FIG 4 Arcobacter peruensis activity and growth. Experiments were performed in saNS medium with sulfide, nitrate, and [13C]bicarbonate (a), sulfide, nitrate, and [13C]acetate (b), and nitrate and [13C]acetate (c). (d) Rates of C assimilation based on [13C]bicarbonate and [13C]acetate single-cell uptake determinations. Error bars represent the standard deviations from triplicate incubation experiments. BD, below the limit of detection (<9 × 104 cells ml−1).
TABLE 1 Arcobacter PSE-93 sulfide oxidation and nitrate reduction activity in amendment experimentsa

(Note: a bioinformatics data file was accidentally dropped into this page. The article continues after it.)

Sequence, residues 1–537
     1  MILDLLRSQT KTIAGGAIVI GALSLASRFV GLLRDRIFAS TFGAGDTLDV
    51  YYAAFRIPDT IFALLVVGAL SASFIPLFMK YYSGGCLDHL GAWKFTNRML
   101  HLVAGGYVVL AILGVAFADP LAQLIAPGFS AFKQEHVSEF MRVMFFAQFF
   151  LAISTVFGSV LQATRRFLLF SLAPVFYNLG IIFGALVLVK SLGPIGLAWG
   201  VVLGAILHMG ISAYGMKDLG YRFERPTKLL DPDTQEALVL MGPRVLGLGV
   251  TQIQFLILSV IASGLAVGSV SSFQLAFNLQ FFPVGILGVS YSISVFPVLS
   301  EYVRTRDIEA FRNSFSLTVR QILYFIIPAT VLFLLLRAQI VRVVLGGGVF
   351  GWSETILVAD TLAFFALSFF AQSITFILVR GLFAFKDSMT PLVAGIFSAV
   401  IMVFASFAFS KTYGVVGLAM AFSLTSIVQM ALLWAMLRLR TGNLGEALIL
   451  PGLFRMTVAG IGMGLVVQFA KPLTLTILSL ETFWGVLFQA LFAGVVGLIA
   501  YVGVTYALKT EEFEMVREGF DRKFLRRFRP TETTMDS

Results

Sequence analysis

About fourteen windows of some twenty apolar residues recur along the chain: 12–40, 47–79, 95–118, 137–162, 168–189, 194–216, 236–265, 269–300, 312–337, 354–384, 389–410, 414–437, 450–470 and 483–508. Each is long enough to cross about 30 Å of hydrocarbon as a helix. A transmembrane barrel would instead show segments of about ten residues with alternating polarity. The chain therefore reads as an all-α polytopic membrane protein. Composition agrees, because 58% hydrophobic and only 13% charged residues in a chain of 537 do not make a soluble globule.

ExptActivity (μM h−1)Estimated no. of doublings/day
Sulfide oxidationNitrate reduction
Sas medium with NO3 + HS + HCO30.70 ± 0.200.50 ± 0.200.86
saNS medium with NO3 + HS + HCO31.29 ± 0.261.00 ± 0.04BD
saNS medium with NO3 + HS + glucose1.504.1ND
saNS medium with NO3 + HS + yeast extract2.604.7ND
saNS medium with NO3 + HS + acetate6.60 ± 0.676.20 ± 1.691.82
saNS medium with NO3 + acetate 1.3 ± 0.220.78
Experiments were performed in synthetic seawater (Sas) medium or North Sea seawater (saNS) medium, as indicated. The sulfide and nitrate turnover rates shown here were determined from the change in the substrate concentration divided by time (Fig. 4). Carbon assimilation rates are reported in the text. The estimated number of doublings per day is based on the 13C uptake rates. BD, below the limit of detection; ND, not determined.